Richard Slusher, an amputee camp counselor from Northeast Ohio who was born with no right arm, raised funds needed in just over 5 weeks for a multi-grip bionic arm. A strong advocate for disability rights, Richard crowdfunded for a Hero Arm to support him in his day-to-day job working with children.
Recently, Richard wrote candidly for Amplitude Magazine about what it’s like living with a congenital limb difference and how challenging it has been to obtain a prosthesis he wanted “The Hero Arm is lightweight and the socket is breathable, which makes it comfortable to wear for an entire day (which I couldn’t do with my previous devices). I’m able to cook, pour drinks, open doors, and complete other tasks with far more ease than I used to. But my new prosthesis hasn’t just brought practical changes. It also has been emotionally liberating.” – Read the full feature from Richard in this Amplitude Magazine article.
After a life-time of using a prosthesis with minimal function, Richard was in awe when he was able to move his bionic fingers for the first time. The Hero Arm was custom built and uses myoelectric sensors to detect underlying muscular contractions which are then amplified and converted into intuitive bionic hand movements.
When I wear it I feel like a robot, which is so fun and it opens doors to positive communication about limb difference.
An optimist by nature, 27-year-old Richard says prosthetics he had worn before “always had this feeling of conformity, like wearing a prosthetic that looked like a real limb is what I had to do to be accepted.”
Once he decided to opt for the Hero Arm, Richard worked ran a crowdfunding campaign. He said: “I didn’t think it would do that well right out of the gate, I was so humbled by it.”
When Richard first tried on the Hero Arm, he was excited about the opportunity to make it an extension of his personality. Choosing bright blue covers, Richard described the Hero Arm as “something straight out of the future”.
He added: “When I wear it I feel like a robot, which is so fun and it opens doors to positive communication about limb difference.”
Richard comes from a close-knit community that championed him from a young age to achieve his goals, he explained: “I grew up surrounded by family members who always supported me to do whatever I wanted. I want people to see my journey as a call-to-action that their needs matter and that anyone who is not happy with their prosthetics should seek alternative options.”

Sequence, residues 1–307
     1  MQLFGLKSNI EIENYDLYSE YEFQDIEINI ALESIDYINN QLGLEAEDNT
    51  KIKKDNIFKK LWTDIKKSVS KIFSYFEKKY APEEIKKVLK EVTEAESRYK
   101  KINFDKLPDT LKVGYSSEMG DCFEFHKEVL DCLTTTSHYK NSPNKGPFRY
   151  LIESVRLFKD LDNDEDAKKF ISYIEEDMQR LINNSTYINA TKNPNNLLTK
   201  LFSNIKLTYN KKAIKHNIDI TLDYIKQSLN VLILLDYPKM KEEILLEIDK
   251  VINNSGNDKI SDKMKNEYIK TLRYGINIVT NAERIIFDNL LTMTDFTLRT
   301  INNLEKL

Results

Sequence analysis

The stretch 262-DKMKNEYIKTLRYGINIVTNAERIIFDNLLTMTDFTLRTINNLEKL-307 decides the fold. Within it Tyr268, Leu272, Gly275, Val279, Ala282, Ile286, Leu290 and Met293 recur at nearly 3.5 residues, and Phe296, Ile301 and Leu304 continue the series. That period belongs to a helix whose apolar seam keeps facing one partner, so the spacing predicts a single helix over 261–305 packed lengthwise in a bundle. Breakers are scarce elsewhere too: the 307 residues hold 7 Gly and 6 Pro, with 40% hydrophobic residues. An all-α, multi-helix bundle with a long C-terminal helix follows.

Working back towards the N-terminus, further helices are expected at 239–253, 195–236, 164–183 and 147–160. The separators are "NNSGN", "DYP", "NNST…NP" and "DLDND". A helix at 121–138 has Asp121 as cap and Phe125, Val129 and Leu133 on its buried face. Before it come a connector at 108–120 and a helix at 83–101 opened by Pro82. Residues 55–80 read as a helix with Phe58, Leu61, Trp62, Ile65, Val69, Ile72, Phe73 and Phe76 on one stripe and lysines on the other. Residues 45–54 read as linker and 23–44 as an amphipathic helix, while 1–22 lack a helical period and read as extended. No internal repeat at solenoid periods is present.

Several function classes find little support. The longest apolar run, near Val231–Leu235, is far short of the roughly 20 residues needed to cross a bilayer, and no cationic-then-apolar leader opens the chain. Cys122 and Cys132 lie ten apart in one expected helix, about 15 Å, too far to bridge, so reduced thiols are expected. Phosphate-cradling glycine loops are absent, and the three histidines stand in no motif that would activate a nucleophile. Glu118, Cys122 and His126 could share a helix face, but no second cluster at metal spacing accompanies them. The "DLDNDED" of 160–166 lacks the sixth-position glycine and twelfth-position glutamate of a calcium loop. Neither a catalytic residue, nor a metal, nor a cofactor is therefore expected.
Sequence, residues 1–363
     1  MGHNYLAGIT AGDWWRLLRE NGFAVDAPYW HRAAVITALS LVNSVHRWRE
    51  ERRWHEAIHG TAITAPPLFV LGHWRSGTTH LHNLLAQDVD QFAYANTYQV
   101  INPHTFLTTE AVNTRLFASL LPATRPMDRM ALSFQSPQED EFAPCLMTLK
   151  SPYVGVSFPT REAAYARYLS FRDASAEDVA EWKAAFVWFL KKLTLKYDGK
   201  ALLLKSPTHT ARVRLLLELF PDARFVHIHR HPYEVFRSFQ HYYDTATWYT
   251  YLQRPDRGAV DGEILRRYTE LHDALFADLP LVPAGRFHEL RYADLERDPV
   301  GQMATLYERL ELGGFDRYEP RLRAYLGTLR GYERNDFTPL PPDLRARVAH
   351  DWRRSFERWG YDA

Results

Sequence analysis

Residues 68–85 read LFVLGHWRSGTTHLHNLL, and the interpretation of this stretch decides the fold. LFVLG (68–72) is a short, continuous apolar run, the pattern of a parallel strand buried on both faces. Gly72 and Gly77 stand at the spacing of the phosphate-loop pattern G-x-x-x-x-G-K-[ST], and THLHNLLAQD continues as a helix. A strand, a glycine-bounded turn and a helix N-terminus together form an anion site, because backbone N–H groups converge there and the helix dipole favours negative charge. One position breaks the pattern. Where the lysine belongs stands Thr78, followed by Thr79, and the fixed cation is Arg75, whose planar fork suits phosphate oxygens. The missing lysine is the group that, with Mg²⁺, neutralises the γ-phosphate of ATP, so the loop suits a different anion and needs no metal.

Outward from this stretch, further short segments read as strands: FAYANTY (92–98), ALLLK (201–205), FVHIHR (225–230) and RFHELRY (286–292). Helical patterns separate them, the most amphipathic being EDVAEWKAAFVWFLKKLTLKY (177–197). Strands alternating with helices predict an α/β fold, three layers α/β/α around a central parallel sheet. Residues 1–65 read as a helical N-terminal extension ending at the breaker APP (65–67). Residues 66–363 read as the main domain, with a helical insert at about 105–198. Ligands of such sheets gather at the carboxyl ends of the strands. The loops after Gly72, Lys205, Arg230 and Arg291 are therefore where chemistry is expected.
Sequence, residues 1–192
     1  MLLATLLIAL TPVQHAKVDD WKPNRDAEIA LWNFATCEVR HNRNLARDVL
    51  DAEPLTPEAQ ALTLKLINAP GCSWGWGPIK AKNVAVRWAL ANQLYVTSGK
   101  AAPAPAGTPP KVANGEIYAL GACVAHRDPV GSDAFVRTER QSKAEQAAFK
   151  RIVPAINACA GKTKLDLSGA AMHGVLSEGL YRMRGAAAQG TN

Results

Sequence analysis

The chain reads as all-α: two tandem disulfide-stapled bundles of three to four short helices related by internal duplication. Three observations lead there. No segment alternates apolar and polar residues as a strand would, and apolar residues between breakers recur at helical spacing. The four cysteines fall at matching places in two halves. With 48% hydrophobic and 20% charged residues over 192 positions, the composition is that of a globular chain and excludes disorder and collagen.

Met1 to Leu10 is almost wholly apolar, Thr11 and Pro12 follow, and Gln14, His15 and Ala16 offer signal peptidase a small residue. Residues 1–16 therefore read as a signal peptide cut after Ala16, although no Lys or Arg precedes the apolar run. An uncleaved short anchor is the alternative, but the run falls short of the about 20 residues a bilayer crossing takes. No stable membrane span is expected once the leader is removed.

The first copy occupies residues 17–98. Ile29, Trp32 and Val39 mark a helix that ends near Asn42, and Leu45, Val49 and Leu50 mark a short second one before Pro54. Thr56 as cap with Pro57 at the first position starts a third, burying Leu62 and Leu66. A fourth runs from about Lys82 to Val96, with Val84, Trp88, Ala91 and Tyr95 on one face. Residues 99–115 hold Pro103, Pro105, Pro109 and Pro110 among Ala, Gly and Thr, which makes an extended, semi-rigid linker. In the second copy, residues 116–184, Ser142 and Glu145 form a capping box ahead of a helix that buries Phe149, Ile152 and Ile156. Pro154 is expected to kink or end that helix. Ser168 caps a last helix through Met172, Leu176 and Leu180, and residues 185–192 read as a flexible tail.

“People with limb differences deserve better access to prosthetics that fulfill their physical and psychological needs. We hope the Hero Arm will empower Richard to continue to achieve his goals and encourage others to reach out if they need support funding their bionic arm. We’re here to help.” commented Samantha Payne, Founder & CEO of Open Bionics.
Recently, Richard spoke candidly about what it’s like living with a congenital limb difference and how challenging it has been to obtain a prosthesis he wanted “The Hero Arm is lightweight and the socket is breathable, which makes it comfortable to wear for an entire day (which I couldn’t do with my previous devices). I’m able to cook, pour drinks, open doors, and complete other tasks with far more ease than I used to. But my new prosthesis hasn’t just brought practical changes. It also has been emotionally liberating.” – Read the full feature from Richard in this Amplitude Magazine article.
We are excited to announce that Laiken Olive, whose pronouns are they/them, is the 21-year-old Artist from South Louisiana who has become the first recipient of the ‘Venom Snake’ bionic arm.
“I always get asked to do Metal Gear Solid cosplays on TikTok” says Laiken, who has amassed 26,000 followers with well over 1 million views.
In the popular video game, Venom Snake loses his arm in an explosion and wears an iconic red and black bionic arm complete with detachable missile functionality and gadgets to stun enemies.
In Metal Gear Solid, the main character wakes up from being in a coma for nine years, and I’ve been waiting a decade to have a prosthetic that is functional and intuitive to my needs.
Whilst the Hero Arm isn’t equipped with weapons, it is custom built and uses myoelectric sensors to detect underlying muscular contractions which are then amplified and converted into intuitive bionic hand movements.
When talking about the game, Laiken can see synergies with personal life experiences, “in Metal Gear Solid, the main character wakes up from being in a coma for nine years, and I’ve been waiting a decade to have a prosthetic that is functional and intuitive to my needs.”